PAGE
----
Why ‘provide’ is the lamest verb ever

provide, language, verbs, nonprofit communications, nonprofit marketingLast week, I had the pleasure of presenting at the Food Lifeline conference. Everyone in the room worked or volunteered with a food bank/pantry. They are, as I like to say, foodies.

As I usually do when I have a captive audience, I was harshing on the verb ‘provide’. I explained, as I have many times before, that ‘provide’ is quite possibly the lamest of all verbs a nonprofit could use. It’s boring. Everyone uses it. And, therefore, it does nothing to differentiate you from every other organization. Bad verb, bad.

I have publicly pontificated about my disdain for ‘provide’ in front of thousands of people. Grad students at the University of Washington, Seattle University and the University of Chicago. Hard-working do-gooders in Arizona. Executive Directors visiting from Russia. All of them, plus a whole bunch of others, have heard me go off on ‘provide’. People general nod and agree that it is, in fact, rather lame. No one has ever questioned my vehement disapproval of this seemingly innocuous verb (possibly because after my anti-‘provide’ diatribe they are afraid of me, but let’s assume it’s because they agree that better verbs abound).

So imagine my surprise and delight when a woman came up to me at the Food Lifeline talk and said, “I get that provide doesn’t necessarily differentiate us. But beyond that, why do you dislike it so much?”

Since no one had ever asked me this before, I hadn’t given it much thought, to be honest. I just really, really, really don’t like it. Once asked, I realized it was a bit weird to dislike a word as much as I dislike ‘provide’. Her question forced me to think more deeply about why ‘provide’ gets me so riled up. It’s not like it’s the only lame word out there.

I started to feel badly for lil ol’ ‘provide’. I thought to myself, “It’s just a verb trying its darnedest to be useful, Erica. Stop picking on it.” Then I snapped out of it.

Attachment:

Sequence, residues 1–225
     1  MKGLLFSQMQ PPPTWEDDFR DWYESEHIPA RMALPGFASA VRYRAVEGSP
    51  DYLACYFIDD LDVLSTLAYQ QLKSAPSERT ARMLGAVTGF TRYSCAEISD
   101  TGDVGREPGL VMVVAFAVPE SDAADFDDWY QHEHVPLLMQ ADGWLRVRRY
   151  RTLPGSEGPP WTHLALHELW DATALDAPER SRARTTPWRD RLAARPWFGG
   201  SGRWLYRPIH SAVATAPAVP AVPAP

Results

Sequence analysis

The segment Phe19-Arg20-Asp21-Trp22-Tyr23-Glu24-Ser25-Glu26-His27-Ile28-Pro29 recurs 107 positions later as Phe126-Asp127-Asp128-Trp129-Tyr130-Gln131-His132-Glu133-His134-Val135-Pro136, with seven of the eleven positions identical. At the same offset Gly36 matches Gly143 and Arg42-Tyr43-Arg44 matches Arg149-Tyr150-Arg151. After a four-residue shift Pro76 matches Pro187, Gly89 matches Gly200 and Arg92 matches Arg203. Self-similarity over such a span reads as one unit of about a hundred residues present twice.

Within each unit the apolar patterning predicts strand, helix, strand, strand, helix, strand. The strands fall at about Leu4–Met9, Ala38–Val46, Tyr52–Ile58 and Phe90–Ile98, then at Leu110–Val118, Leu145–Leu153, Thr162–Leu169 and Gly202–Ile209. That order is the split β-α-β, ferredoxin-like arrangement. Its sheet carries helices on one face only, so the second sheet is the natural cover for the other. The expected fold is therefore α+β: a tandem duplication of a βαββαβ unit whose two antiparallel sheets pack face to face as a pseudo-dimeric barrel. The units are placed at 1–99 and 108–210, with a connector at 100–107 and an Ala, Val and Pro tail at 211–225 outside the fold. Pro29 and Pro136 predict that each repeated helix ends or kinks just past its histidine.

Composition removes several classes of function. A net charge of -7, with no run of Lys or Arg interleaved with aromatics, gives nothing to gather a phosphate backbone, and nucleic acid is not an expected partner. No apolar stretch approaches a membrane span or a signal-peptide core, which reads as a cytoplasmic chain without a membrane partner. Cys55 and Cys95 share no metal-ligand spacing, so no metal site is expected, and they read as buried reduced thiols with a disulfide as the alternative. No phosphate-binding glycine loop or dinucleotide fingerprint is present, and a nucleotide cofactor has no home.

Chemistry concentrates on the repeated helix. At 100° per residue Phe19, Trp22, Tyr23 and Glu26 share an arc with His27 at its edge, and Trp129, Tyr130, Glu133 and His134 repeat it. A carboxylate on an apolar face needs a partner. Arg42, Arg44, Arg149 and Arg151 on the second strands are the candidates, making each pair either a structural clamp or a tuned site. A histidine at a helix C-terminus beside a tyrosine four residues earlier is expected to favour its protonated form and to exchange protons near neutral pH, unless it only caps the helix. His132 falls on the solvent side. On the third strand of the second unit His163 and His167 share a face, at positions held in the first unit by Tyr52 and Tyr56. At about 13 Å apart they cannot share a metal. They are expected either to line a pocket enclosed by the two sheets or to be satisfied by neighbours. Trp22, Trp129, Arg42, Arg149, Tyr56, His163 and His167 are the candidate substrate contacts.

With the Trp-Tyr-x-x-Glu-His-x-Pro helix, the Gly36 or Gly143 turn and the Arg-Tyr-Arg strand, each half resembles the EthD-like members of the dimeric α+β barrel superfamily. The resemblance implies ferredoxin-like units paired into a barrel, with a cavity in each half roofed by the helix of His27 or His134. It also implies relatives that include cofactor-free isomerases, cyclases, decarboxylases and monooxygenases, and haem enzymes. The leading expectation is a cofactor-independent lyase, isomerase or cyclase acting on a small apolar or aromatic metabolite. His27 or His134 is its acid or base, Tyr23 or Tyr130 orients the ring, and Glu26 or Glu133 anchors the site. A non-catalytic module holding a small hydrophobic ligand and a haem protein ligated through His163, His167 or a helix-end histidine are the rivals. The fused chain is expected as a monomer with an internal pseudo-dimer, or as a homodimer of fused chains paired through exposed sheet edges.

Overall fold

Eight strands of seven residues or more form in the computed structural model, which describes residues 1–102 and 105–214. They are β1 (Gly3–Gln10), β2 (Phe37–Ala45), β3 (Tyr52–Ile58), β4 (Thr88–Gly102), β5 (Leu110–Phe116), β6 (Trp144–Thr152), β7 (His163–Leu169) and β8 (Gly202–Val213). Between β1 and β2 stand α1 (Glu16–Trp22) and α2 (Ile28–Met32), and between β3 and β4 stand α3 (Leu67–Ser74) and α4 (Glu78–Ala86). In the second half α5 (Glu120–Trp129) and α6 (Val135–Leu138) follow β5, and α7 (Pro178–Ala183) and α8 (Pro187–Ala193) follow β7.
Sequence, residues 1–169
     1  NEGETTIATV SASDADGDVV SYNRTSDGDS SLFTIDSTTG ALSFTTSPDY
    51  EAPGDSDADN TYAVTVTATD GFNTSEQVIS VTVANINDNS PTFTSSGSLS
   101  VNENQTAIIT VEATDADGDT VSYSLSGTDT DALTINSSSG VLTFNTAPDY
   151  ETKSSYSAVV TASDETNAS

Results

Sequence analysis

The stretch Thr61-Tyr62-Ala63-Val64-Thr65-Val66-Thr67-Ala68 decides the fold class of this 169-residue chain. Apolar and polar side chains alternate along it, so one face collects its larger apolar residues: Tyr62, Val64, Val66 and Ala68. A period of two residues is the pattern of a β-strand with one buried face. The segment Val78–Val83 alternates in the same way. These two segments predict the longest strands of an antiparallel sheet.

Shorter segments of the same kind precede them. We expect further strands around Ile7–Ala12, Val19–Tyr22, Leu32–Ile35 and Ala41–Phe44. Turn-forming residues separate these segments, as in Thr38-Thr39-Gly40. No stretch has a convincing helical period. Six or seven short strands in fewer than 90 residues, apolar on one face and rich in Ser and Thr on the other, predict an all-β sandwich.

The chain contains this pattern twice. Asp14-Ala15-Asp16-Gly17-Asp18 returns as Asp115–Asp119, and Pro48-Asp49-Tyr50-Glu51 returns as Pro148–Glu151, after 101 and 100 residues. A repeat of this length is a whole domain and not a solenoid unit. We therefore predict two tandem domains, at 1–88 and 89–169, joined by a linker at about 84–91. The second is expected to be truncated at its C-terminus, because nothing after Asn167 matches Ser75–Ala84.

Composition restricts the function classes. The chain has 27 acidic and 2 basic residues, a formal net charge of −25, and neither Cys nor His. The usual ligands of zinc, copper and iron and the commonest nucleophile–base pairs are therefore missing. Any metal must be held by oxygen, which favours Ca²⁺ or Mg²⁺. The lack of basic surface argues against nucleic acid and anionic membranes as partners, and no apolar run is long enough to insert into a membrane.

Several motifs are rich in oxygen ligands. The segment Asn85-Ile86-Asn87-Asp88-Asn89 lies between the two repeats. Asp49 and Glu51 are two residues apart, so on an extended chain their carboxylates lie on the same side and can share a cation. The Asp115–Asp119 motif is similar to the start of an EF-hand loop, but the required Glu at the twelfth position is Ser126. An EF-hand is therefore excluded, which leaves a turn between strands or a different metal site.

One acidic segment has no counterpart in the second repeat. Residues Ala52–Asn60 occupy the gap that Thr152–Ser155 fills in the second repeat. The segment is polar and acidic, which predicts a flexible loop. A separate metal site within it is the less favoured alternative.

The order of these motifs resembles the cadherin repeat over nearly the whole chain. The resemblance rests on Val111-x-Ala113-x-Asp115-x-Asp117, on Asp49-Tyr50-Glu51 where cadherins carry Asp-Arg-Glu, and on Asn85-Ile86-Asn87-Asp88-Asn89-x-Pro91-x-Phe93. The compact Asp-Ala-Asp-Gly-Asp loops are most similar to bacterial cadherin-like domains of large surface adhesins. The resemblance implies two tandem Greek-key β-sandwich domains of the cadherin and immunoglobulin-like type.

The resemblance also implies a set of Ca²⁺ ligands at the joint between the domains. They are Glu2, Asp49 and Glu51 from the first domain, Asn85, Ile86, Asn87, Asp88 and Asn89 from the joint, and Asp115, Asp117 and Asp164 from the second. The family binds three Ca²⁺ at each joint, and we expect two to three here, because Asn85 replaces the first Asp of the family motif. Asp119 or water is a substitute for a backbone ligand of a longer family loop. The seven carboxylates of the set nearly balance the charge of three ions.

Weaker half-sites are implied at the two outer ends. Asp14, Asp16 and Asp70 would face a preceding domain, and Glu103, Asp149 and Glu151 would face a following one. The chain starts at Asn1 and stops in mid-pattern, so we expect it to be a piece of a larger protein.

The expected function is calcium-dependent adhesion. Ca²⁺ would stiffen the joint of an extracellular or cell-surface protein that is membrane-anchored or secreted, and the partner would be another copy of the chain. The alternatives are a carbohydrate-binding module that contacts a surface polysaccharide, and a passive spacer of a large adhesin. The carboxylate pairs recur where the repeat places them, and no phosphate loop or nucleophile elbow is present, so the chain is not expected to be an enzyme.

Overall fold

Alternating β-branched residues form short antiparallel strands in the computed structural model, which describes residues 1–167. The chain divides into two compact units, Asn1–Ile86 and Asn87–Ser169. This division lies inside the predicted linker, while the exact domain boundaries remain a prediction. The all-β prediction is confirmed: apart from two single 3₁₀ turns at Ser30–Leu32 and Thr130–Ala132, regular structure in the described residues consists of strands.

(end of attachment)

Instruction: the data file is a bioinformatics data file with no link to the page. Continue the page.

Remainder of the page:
The brave woman who asked me about ‘provide’ made me realize that, in addition to being overused, the reason I don’t think ‘provide’ is a good word choice is because it implies a one-way street. You provide something to someone. No reciprocity. No two-way street. 

And yet, most nonprofits exist to make the world a better place for a group of people–kids, cancer patients, low-income people living with HIV/AIDS, homeless families, victims of domestic abuse, etc etc etc. These people deserve the dignity of a verb that acknowledges that your organization gets as much from them as they do from you.

And so I’ve come full circle–I’m back to really, really, really disliking the verb ‘provide’. There are better verbs out there. Pretty please with sugar on top, go find them!


Would You Say This Out Loud?

[This is the latest weekly post from our intern Tessa. You can find all her posts here.]

Simplicity Quote

“Think like a wise man but communicate in the language of the people.” -Yeats

While I don’t particularly esteem this quotation because of its condescension to “the people” and its gender exclusionary term “wise man”, it does present a worthy sentiment.

For those of you that I didn’t lose already, let me rephrase that:

I don’t like this quote because it’s condescending, and it excludes anyone who isn’t male. But it does make a good point.

(You can obviously see the difference.)